titanium dioxide                                                   titanium dioxide
fragrance                                                             fragrance
sodium chloride                                                   sodium chloride
tetrasodium ETDA                                               tetrasodium EDTA
trisodium etidronate                                             trisodium etidronate
BHT                                                                     BHT

NOT IN COMMON INGREDIENTS                     NOT IN COMMON INGREDIENTS
FD&C blue no, 1 (for colour)                   sodiun stearate (a soapy salt left after
D&C red no. 33 (for colour)                     the glycerin is removed)
                                                                            cocamidoropyl betaine (foaming agent)
                                                                            sodium dodecyl benzene sulfonate
                                                                           (synthetic detergent used for many
                                                                            household and industrial cleaners)  
                                                                           

Where is the lotion?

One last and very significant problem with Dove and other mass produced 'soap' bars is that most, if not all (and I have yet to find one myself) use palm oil in their manufacture because its cheap and easy to come by and Unilever, which produces Dove, test on animals.

Using palm oil at the rate they do supports terrible environmental havoc, in maintaining their incredible demand for palm oil they (and many others) are destroying the rain forests at a frightening rate and are responsible for the slaughter of hundreds and hundreds of Orangutans and their wonderful and diverse habitats.

This is why I no longer use any palm oil in my soaps - You can find "ethically sourced palm oil" but there is no real way of making absolutely sure that it comes from a sustainable source that is not destroying rain forest habitat - my solution, just don't use it! Check out my full explanation about Naturally Made Soaps decision to stop using palm oil altogether here http://www.naturallymadesoaps.co.uk/No-Palm-Oil-s/63.htm   I really think my soaps are just as good as always - no customer has made any comment about the change apart from - Well done we love your soap.. So until I can be absolutely sure there is a way of ensuring my ethically sourced, sustainable palm oil REALLY comes from a sound, healthy and trustworthy source I'm sticking to the NO PALM regime - and I see no reason to change now.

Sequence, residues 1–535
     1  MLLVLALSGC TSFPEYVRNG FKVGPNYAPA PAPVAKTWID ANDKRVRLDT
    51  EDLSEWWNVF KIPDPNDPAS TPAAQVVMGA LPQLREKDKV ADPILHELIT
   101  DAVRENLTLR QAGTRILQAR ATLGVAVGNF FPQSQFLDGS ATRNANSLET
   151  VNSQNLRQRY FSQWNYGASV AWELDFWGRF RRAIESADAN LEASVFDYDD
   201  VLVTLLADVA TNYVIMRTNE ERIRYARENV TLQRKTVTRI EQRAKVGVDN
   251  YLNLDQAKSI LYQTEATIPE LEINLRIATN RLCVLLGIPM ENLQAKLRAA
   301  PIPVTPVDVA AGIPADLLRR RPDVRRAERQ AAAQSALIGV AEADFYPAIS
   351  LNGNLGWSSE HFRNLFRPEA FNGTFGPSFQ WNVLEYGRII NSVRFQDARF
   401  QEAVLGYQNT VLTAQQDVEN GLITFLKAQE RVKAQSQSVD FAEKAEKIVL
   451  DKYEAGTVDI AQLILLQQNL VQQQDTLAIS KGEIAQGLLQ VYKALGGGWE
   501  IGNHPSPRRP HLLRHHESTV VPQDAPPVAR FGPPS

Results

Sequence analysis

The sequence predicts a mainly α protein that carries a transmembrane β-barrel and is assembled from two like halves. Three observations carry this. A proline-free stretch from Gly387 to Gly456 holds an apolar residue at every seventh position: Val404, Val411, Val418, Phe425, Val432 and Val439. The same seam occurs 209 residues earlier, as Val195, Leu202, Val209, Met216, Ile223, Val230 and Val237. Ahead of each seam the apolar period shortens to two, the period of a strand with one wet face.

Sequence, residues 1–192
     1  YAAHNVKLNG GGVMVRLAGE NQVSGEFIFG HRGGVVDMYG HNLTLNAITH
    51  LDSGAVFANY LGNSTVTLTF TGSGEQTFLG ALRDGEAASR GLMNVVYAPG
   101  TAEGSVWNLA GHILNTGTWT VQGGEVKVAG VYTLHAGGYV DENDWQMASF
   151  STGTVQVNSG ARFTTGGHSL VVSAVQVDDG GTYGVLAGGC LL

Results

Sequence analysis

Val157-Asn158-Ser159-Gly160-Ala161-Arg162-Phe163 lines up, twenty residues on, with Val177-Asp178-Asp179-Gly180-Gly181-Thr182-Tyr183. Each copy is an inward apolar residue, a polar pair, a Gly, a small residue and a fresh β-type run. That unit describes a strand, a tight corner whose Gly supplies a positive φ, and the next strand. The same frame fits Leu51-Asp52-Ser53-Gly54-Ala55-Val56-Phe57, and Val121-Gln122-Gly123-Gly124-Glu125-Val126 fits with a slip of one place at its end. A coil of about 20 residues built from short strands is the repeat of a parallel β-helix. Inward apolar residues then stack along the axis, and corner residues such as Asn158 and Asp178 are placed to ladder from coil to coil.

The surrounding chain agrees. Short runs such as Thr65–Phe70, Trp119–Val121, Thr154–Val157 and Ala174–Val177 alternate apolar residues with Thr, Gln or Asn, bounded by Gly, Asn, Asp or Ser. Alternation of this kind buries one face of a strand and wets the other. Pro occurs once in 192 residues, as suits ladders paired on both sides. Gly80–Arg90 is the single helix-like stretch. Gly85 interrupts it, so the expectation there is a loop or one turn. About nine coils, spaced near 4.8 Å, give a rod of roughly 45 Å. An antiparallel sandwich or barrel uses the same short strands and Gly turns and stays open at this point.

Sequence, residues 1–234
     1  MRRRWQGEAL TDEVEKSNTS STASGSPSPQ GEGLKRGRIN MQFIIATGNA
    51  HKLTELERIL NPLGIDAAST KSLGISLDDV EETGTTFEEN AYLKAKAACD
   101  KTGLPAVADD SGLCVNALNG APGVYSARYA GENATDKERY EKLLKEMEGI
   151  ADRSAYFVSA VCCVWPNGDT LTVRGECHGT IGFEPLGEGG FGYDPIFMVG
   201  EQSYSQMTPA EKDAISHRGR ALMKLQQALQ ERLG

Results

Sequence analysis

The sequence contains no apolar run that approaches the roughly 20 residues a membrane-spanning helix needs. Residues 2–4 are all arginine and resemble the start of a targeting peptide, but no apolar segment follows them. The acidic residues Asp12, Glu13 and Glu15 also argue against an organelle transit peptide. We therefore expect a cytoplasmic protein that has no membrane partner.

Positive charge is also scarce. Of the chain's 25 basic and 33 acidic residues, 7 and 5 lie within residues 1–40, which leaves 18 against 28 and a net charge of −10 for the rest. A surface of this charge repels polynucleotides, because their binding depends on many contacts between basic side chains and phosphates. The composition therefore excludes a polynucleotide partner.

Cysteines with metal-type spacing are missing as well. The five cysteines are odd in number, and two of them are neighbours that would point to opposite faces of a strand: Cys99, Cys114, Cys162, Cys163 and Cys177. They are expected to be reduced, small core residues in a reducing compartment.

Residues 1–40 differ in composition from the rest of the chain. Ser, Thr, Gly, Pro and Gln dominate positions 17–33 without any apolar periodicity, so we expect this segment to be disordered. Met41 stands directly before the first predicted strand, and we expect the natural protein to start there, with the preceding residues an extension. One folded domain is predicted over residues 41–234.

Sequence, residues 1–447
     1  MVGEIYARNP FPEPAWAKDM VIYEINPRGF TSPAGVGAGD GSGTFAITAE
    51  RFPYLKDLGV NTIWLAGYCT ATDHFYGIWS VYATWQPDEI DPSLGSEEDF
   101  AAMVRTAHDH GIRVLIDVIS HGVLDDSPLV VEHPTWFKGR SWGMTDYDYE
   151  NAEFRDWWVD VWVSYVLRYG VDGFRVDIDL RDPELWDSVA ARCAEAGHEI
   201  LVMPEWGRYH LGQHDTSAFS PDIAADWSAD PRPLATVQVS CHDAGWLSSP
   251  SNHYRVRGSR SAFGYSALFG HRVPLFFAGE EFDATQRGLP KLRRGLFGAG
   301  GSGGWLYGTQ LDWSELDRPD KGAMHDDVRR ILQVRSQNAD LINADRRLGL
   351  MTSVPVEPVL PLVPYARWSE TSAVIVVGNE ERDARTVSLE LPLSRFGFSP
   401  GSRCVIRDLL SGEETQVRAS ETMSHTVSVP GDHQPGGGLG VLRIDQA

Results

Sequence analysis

So for those of you who have customers who need a non scientific explanation about how great your naturally made soaps and beauty products are verses commercially produced soaps and cosmetics you can now show them YOUR ingredients list and how it stands head & shoulders above the commercial soap ingredient lists!!



 I REALLY HOPE NOT!
Sorry for the rant, I really did not mean this blog to be so long but it is something very close to my heart and its why I wanted to make my own Naturally Made Soaps!!  I hope you forgive me for going on a bit............  Id really love to know what you think

Thanks to the Indie Blog, Caring consumer.com, ethicalconsumer.org, cosmeticdatabase.com, safecosmetics.org, Greenpeace and Unilever themselves for the information used in this post.

9 comments:

  1. I've done the same research on Dove and came to the same conclusion: there is no moisturizing cream in their so-called soap.

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  2. Thanks for such a straight forward and well written post! It's such a sad situation! :(
    It's so nice to be part of those offering real soap that's just SO much better!

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  3. Wonderful post, thank you! Have you researched RSPO palm oil? Like you, I elimated palm from my soaps, as the orangutans pitiful situatiuon breaks my heart. I also feel great pity for the starving generational farmers there who suffer because the multinational corporations (who sponsor the destruction of virgin forest) have 'tarred them with the same brush'. I can now source an RSPO certified source for palm and will most likely do so in the near future :)

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  4. The older I get, the more difficult it is to read the small print! - but it really shows the power of marketing - to be able to sell something like that as 'pure/kind' etc. Incidentally, does the same apply to Simple Soap?

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  5. Thanks for your comments, Topcat - I still believe you need to be very cautiul using RSPO Palm oil, read my web research http://www.naturallymadesoaps.co.uk/No-Palm-Oil-s/63.htm to see that it is not always as reputable as you might wish, that's why I made the decision to go totally palm oil free, I just dont trust them. I can honestly say it has made no difference to my soaps, they still cure well, are the same hardness (you might have to make a few changes in your recipes to achieve this) and still give the same wonderful benefits as we all know real natural soap does. I can now say that even if I did find an ethical source I could trust I would not bother to go back to using palm oil anyway :-)

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  6. Horserider195 - I don't know about Simple, I will do a bit of research and find out for you - I'm on a roll! probably going to bore you all for ages now!!

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  7. Wonderful post, I will try to make with SLSA ....

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  8. Thank you so much for the information. I will ditch Dove and go for my local farmers market instead!

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  9. "Oh I'm so sorry, I can't use anything else on my skin but Dove, Id love to buy your soaps but I'm really scared to change"

    GGGGRRRRR..***&&$$%@@** !!!!"

    OMG--- I know! Hilarious! Thank you for this fun informative post!